(credit: Space X video)
Musk Endeavors to Make Reality Catch Up with Science Fiction
Elon Musk is nutty as a fruitcake. He has to be to dream this big and have any chance of reaching those dreams. Musk and others like him are the only ones with enough passion who can.
Of course, it helps to have a lot of money, and Musk has accumulated plenty of it, mostly on risky ventures and big dreams. But none of those dreams compares to what he placed on the far horizons Monday for his company SpaceX – a fleet of massive rockets, each capable of carrying 100 people to colonize Mars, or even travel farther out in the Solar System. His goal: to seed a million-person colony on Mars.
This isn’t a shoot for the Moon space race. It’s an interplanetary triathlon, with the aim of not who can cross the finish line first, but who can get there at all. Musk is determined to get there, and hopes other space initiatives spawned by similar dreamers are inspire to set forth on their own adventures. Mars is a small planet, but big enough to host a number of interplanetary visionaries with their own plans on how to reach and colonize the Red Planet.
Driven by Science Fiction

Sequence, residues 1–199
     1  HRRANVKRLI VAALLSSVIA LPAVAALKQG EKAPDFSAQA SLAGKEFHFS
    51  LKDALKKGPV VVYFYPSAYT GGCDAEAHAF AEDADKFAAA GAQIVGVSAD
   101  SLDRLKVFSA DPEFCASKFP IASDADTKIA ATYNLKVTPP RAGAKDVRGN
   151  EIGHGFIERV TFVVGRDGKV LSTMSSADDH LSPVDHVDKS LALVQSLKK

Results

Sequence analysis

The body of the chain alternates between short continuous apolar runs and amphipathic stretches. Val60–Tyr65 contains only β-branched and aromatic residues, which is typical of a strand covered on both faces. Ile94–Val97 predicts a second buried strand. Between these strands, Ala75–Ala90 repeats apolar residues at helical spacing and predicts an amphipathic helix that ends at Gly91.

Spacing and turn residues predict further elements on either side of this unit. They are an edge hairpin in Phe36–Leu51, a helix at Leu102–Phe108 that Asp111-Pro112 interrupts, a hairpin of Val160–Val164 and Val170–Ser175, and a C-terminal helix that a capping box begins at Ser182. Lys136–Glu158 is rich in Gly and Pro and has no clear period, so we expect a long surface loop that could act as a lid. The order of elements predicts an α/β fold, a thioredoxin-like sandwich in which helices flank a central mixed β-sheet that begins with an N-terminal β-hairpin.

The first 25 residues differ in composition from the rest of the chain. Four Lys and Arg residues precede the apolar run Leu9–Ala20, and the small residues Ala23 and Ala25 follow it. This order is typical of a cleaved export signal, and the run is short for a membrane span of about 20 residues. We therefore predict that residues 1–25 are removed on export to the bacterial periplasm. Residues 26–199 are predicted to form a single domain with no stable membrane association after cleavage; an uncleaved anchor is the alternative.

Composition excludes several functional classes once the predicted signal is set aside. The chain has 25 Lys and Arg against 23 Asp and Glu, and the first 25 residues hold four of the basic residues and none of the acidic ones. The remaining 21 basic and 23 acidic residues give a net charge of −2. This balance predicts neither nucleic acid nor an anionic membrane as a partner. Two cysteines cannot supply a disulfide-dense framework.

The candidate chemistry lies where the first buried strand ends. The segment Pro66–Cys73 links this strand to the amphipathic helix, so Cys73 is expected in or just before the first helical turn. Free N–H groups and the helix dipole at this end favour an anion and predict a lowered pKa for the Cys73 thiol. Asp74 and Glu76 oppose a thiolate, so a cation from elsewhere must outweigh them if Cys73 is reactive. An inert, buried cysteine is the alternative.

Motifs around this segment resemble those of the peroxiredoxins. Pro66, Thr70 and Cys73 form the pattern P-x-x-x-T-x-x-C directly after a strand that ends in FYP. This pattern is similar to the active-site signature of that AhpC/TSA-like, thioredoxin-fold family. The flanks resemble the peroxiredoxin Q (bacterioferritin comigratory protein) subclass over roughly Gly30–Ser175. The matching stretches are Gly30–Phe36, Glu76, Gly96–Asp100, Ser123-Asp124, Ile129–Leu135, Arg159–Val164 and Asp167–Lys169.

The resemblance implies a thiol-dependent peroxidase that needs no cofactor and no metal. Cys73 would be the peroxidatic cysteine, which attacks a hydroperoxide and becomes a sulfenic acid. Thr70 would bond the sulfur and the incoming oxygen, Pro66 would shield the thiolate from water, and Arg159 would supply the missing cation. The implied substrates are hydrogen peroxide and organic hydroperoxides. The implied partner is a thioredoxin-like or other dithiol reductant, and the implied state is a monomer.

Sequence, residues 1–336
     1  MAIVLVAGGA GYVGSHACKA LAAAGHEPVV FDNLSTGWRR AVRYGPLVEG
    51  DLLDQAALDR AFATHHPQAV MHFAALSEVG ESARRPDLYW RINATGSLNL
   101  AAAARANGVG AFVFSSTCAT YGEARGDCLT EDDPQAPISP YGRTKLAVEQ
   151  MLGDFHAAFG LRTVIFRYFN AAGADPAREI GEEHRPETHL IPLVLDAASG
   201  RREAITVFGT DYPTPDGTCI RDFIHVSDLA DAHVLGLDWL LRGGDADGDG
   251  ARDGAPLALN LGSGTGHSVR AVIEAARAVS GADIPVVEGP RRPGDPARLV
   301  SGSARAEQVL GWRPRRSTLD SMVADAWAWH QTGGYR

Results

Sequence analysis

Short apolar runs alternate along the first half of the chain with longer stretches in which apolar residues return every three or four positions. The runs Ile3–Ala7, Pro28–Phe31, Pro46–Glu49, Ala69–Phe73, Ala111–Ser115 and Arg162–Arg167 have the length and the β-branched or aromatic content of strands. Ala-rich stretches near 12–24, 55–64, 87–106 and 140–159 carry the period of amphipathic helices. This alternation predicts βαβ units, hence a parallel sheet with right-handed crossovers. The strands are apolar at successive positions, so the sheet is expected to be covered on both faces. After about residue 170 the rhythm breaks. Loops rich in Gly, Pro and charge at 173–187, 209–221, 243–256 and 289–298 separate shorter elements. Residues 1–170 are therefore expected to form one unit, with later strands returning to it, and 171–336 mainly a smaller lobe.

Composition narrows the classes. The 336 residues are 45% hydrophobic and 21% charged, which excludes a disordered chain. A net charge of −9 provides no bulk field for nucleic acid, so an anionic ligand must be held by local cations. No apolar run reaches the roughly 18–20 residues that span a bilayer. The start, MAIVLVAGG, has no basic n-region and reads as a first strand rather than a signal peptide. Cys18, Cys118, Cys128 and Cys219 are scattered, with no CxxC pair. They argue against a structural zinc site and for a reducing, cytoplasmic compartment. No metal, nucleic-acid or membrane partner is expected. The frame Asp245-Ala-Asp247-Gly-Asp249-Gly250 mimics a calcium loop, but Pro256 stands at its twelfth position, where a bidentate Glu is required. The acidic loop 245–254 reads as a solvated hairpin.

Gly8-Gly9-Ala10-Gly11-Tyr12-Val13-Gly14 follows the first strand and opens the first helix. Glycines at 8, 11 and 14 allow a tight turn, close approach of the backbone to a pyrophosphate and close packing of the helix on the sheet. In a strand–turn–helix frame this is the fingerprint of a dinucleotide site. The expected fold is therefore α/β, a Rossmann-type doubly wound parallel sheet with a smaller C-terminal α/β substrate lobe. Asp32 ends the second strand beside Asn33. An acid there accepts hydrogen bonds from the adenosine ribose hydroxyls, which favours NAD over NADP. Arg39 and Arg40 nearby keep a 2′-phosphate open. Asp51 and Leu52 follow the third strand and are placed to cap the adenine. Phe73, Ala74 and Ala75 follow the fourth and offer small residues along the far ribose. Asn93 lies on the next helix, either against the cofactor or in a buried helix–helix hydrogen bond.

There’s no mistaking the impact that science fiction has had on Musk’s vision of future reality. The passenger ship for Mars colonists and explorers has an Art Deco aesthetic to it, similar to rocket ships flown by Flash Gordon in 1930s’ movie serials or portrayed on pulp SF magazine covers from that era and well into the ‘50s. Indeed, the passenger ship of the Interplanetary Transport System, as it’s now inelegantly called, reminds me of the rocket in the movie “When Worlds Collide.” That rocket had much the same purpose as the design proposed by Musk, to deliver a large group of people from Earth to hurriedly colonize another world.
It’s unlikely that Musk will stick with the acronym ITS for this interplanetary fleet. He already described ships making their way to Mars as a “colonial fleet,” admitting it was a reference to the TV series Battle Star Galactica. With his dream propelled as it is by his own internal “improbability drive,” Musk thinks he’ll name the first ship of Space X’s colonial fleet the Heart of Gold, after the ship of that name in Douglas Adams’ BBC radio serial and subsequent movie, “The Hitchhiker’s Guide to the Galaxy.”
Perhaps the most influence science fiction has had on Musk is the big dream itself. It is not enough to set foot on Mars. SpaceX is attempting to build an interplanetary culture, and he’s in a hurry. He sees the first landing of a crewed spaceship on Mars happening in the 2020s with the SpaceX Dragon spacecraft, and “if everything goes really well,” he sees the first flight of the Heart of Gold within 10 years, as improbable as it may seem.
But What of Reality?
On Tuesday, Musk laid out a plan, a concept, a dream. At present, however, his vision is as much fiction as the stories that have inspired him. If SpaceX embarks on Musk’s plan, and if other private or public/private ventures join his company in his quest to reach and settle the Red Planet, NASA’s path to land astronauts there by sometime in the mid 2030s will be left in the dust. On the other hand, dust burying the remnants of Musk’s efforts may be all the NASA explorers find.